There’s a certain Dickensian quality to Thomas Mallon’s always inventive novel, Watergate: a large cast of characters from widely different backgrounds and classes, some tragic, others comic; varied back stories and tag-lines (mostly personality quirks); a carefully plotted narrative that brings most of the main characters back into the story after many years for a curtain call. The rub, of course, is that except for some minor characters, totally invented by the author, the others are based on real historical figures—or so they seem today, decades later, after events that began in 1972. I suspect that those of us who lived through the incidents depicted will have a significantly different reaction to Watergate than those born afterwards, though both groups of readers will find the story mesmerizing, difficult to put aside, in true Dickensian form.
One example will suffice: the Saturday Night Massacre, October 20, 1973. When Archibald Cox refused to accept summaries of the disputed tape recordings, Nixon ordered Elliot Richardson, the Attorney General, to fire special prosecutor Cox. Richardson (according to Mallon) had apparently agreed but then quickly reneged, and resigned instead. So did William D. Ruckelshaus, his first deputy. The department’s number three man implemented the firing. Mallon writes, “Then the rumors arrived: that the FBI had gone to the special prosecutor’s office on K Street—perhaps to seize files; perhaps to protect them. Or the files [what Cox already had on Nixon] had already been hidden by the special prosecutor’s staff, who—rumor also had it—were rushing from their homes to the office.”
Richardson’s refusal to fire Cox and his resignation were all over the news that evening. Those of us who worked in Washington knew that the city was rife with rumors. Nixon was going to suspend the constitution. Martial Law would be instigated—anything so that he could stay in office, as the wagons circled the White House. The news of Cox’s firing spread like wild fire through a party my wife and I were attending in the city that Saturday night. As we drove home hours later along Western Avenue (the street that separates the District of Columbia from Maryland) and approached Connecticut Avenue (which passes near the White House several miles further into the city), police cars blocked entry to the city on that major route. Driving the rest of the way home, we were convinced that Nixon had, indeed, hijacked the constitution and the country was doomed.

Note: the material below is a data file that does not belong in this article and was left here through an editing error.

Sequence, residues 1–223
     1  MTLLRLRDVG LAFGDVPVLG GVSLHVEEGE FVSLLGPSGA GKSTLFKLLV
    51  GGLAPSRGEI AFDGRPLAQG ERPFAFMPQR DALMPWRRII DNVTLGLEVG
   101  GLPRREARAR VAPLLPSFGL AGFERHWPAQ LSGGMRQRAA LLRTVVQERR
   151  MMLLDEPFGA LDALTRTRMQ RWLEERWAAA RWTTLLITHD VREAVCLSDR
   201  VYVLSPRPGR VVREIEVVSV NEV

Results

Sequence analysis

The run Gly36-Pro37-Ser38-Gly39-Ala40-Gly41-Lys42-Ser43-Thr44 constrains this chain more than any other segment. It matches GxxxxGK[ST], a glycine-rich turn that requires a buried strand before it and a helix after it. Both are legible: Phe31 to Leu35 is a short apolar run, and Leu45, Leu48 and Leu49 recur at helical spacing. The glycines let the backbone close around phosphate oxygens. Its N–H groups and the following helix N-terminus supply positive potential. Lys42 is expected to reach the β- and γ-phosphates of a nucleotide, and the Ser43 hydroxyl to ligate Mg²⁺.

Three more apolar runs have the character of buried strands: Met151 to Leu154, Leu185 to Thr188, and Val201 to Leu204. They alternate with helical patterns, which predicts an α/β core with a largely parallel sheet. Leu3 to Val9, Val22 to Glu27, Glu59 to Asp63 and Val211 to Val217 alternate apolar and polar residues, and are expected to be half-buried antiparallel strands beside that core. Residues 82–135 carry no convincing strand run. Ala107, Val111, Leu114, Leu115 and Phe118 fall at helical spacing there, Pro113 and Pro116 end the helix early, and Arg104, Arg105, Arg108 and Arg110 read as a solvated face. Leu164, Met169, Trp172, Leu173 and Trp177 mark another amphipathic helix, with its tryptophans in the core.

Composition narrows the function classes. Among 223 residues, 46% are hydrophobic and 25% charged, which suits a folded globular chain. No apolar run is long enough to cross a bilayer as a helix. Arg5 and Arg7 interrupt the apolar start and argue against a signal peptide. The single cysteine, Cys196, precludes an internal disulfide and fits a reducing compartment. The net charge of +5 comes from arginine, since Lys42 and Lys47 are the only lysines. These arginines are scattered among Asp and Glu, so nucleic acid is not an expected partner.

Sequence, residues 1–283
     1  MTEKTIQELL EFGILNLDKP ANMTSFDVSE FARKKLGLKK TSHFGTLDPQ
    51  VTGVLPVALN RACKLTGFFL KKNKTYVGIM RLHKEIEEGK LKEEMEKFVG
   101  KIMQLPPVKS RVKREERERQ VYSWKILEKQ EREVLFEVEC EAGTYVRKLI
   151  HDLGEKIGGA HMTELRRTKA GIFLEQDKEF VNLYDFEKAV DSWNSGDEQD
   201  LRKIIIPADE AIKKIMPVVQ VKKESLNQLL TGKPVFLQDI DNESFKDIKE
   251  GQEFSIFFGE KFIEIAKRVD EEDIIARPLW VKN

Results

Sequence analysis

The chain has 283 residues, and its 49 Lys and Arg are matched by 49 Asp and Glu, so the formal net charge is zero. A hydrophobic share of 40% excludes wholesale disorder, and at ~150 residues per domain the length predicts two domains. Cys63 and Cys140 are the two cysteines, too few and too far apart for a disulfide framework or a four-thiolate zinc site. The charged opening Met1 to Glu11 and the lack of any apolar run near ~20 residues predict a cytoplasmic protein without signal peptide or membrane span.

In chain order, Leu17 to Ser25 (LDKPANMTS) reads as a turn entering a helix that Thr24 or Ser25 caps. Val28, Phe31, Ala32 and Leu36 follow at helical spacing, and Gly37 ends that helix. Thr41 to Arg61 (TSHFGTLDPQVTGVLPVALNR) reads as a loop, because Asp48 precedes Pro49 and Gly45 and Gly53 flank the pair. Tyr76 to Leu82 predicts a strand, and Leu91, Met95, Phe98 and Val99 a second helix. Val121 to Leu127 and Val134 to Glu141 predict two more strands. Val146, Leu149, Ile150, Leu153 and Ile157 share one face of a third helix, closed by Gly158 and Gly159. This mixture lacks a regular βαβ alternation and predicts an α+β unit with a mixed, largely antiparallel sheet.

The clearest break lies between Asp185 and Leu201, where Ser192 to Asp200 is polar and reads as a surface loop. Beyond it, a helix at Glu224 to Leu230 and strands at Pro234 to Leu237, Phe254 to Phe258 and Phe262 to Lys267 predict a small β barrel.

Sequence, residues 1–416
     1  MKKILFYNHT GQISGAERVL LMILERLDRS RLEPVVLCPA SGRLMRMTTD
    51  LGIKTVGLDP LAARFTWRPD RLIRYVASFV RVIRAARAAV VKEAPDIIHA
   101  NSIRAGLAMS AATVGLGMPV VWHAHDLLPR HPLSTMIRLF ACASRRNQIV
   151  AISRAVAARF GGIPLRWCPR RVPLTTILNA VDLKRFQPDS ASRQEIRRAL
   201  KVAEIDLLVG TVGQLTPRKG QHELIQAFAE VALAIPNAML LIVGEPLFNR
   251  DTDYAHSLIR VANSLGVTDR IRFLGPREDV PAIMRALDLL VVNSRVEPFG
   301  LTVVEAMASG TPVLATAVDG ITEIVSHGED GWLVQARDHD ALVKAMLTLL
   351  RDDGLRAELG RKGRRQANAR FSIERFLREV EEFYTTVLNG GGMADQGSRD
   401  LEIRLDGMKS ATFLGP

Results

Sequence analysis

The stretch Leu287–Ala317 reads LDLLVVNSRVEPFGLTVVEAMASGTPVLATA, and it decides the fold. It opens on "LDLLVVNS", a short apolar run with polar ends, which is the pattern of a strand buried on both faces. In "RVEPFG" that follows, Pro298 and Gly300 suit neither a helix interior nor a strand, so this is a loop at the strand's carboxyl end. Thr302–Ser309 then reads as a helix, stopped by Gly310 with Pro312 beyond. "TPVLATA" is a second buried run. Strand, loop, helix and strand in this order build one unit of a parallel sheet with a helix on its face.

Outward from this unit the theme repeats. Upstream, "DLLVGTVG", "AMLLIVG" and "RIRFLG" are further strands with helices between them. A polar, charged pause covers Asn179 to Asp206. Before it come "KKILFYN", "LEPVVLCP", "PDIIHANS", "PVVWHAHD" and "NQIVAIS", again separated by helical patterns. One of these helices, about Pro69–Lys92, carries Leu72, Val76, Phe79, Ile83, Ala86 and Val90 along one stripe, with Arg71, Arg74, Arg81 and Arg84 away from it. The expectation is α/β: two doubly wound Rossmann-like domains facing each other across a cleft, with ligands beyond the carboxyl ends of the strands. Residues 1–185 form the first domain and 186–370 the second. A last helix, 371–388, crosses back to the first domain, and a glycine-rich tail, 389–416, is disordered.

My point is that if Nixon and his cronies who implemented the Watergate burglary were paranoid that others were out to get them, so were many of us who lived and worked in Washington during those crazy days. Later, when Woodward and Bernstein were reporting on the White House’s dastardly duties, most of us were incredulous. How much longer was it going to take to cut this cancer out of the country politic? Stuff for a novel, a very good novel, like Thomas Mallon’s.
Mallon’s strength as a writer (he has published many other novels) is his characterization. And in Watergate, he is starting with known eccentric characters, fascinating characters. Although he chooses to give little space to G. Gordon Liddy (a true whacko) and Chuck Colson (who later retreated into religion)—these men who were the chief instigators of the botched Watergate burglary of the Democratic National Party)—there are plenty of others to give us a wild train ride of a story, including, Howard Hunt, Rosemary Woods, Fred LaRue, Elliot Richardson, both Dick and Pat Nixon, and Alice Roosevelt Longworth. Alice (Teddy Roosevelt’s granddaughter, who celebrates her 90th birthday during the course of the story), depicted as a woman who had great fondness for both Dick and Pat, has one of the best lines in the novel. In the